How will climate change affect Mackay?

Mackay Conservation Group community organiser, Maggie Mckeown, recently made a presentation to Mackay Regional Council about the impacts of climate change on the region. Here's what she said.

20170328001301531293-minihighres-1-960x540.jpgMackay city is a low lying coastal city in an part of the world that is frequently threatened by tropical cyclones. Last year the city dodged a bullet when Cyclone Debbie changed course and did not arrive in Mackay. We know that there was an unprecedented level of preparation for the cyclone but all that would have been completely insufficient had Debbie made landfall in Mackay simultaneous with a 5.8 metre tide. Most of the urban area would have been inundated and potentially significant numbers of casualties. We have seen two very large cyclones in Northern Queensland over the past decade, Yasi and Debbie. Predictions are that cyclones will become larger and more destructive as ocean temperatures rise due to global warming. The cost of dealing with major climate related events is significant both locally and globally. Cyclone Debbie cost insurers $1.56 billion by November. That will undoubtedly lead to increased insurance premiums and increased difficulty in obtaining insurance for those in cyclone prone zones. The cost to the Queensland economy has been estimated at over $2 billion with mining, agriculture and tourism industries were severely disrupted by the cyclone.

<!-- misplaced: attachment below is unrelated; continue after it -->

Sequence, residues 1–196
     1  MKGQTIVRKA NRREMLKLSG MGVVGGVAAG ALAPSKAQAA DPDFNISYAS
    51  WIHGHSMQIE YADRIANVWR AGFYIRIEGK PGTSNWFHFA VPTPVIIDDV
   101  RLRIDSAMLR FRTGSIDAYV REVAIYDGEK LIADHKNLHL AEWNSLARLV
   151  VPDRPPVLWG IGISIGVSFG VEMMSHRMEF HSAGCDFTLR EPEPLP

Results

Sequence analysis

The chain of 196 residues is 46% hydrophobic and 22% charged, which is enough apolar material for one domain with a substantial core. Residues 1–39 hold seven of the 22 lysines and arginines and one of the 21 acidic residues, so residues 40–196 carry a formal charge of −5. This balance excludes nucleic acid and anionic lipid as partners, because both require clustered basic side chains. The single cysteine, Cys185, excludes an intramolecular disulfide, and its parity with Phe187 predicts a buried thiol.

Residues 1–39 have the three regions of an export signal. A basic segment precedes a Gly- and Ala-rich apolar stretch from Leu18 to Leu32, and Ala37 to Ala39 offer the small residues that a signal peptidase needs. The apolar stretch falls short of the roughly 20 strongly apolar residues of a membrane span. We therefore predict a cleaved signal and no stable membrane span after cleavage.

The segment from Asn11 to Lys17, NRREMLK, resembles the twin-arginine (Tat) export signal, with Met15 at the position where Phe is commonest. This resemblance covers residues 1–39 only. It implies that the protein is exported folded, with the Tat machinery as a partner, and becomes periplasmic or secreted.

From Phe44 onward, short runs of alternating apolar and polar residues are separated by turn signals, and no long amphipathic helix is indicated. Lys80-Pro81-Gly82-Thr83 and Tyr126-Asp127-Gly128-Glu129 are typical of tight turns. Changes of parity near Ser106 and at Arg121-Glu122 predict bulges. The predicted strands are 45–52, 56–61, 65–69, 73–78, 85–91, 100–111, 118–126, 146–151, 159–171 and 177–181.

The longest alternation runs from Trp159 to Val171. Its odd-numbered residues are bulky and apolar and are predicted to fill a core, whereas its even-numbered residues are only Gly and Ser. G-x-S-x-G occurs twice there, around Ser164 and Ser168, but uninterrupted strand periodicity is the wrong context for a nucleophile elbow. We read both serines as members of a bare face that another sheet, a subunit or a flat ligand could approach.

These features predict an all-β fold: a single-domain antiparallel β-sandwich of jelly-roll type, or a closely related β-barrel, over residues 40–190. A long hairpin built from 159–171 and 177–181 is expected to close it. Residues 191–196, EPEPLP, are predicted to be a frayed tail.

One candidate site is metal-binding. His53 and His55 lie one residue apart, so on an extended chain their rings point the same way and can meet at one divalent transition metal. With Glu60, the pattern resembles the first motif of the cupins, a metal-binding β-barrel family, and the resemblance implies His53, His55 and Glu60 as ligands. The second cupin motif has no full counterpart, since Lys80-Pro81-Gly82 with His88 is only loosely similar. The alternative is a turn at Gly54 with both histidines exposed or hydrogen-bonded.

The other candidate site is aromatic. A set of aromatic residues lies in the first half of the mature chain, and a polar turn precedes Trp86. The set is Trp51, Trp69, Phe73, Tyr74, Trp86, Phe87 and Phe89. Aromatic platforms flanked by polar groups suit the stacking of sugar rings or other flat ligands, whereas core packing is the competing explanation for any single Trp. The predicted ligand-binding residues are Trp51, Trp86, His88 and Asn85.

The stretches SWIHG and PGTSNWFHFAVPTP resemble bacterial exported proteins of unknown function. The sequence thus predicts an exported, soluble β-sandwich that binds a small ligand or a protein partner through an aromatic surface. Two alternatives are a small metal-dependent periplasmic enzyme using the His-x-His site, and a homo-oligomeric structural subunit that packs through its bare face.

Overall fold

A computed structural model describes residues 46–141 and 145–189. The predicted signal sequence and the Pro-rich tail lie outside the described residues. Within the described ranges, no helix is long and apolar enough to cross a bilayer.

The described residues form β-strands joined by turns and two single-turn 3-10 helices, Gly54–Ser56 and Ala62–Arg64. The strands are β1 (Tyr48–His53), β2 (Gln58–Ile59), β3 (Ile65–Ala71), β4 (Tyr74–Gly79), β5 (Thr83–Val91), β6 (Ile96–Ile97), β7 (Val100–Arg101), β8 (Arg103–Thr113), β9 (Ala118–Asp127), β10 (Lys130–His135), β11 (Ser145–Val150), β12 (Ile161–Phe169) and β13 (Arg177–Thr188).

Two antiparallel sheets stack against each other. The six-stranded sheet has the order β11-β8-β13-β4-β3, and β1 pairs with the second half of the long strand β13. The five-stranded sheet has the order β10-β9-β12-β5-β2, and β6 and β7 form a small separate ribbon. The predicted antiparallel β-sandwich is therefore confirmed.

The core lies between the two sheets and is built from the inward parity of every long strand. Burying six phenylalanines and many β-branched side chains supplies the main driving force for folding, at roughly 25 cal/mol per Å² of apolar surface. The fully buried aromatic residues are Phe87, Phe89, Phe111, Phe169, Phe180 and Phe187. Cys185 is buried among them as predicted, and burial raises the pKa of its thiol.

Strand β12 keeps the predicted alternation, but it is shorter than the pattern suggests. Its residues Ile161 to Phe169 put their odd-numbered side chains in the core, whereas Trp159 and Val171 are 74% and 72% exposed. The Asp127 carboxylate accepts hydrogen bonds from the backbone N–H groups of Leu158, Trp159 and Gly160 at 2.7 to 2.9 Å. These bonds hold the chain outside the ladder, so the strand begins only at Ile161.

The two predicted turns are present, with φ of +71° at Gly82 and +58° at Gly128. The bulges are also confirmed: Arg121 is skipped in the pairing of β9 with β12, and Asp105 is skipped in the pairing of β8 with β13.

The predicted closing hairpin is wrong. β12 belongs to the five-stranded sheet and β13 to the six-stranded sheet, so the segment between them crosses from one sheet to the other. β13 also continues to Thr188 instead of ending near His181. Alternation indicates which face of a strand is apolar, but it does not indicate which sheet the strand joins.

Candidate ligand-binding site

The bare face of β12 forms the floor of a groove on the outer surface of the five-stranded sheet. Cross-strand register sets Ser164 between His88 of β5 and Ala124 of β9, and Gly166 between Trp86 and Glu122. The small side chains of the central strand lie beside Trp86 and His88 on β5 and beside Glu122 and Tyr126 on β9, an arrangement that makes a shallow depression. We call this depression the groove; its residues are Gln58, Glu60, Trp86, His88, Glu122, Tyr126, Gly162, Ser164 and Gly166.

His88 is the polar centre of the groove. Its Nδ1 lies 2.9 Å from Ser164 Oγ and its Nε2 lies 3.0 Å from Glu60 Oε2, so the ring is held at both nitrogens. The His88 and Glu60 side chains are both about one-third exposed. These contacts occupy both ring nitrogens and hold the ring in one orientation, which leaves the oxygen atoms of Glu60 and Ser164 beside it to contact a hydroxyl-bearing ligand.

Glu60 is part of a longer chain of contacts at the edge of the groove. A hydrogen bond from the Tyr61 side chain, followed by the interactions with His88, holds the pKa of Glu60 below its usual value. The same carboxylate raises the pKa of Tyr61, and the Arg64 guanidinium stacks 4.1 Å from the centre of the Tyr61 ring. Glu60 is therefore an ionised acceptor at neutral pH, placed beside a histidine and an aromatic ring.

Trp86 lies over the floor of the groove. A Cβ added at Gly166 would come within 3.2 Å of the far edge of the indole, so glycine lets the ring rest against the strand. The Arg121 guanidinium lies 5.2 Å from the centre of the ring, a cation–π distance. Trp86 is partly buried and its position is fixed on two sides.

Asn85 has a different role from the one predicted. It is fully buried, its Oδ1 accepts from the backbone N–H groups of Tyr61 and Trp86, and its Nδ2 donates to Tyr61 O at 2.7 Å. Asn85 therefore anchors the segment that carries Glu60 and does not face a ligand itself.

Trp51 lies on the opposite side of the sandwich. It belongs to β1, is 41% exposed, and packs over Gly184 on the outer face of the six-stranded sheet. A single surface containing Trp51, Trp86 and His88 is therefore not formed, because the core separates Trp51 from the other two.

The Mackay region is not alone in facing climate induced catastrophes. Right now we are witnessing Cape Town in South Africa, a city with a population of 3.7 million about to run out of water, the first city that magnitude to do so. The water supply failure has been blamed on poor city management but without three years of unprecedented drought the city would not be facing a crisis. Closer to home, Pacific Islanders in places such as Kiribati have seen sea level rise make parts of their island nation uninhabitable. Sixteen percent of the land area of India is dependent on glacial fed Himalayan streams. Those glaciers that maintain stream flows during summer and winter are melting. Initially that means more rapid flows and floods but in the long term it means drought and chronic food and water shortages. All these events and many more are inevitable consequences of a hotter climate which in turn is brought about by human burning of fossil fuels.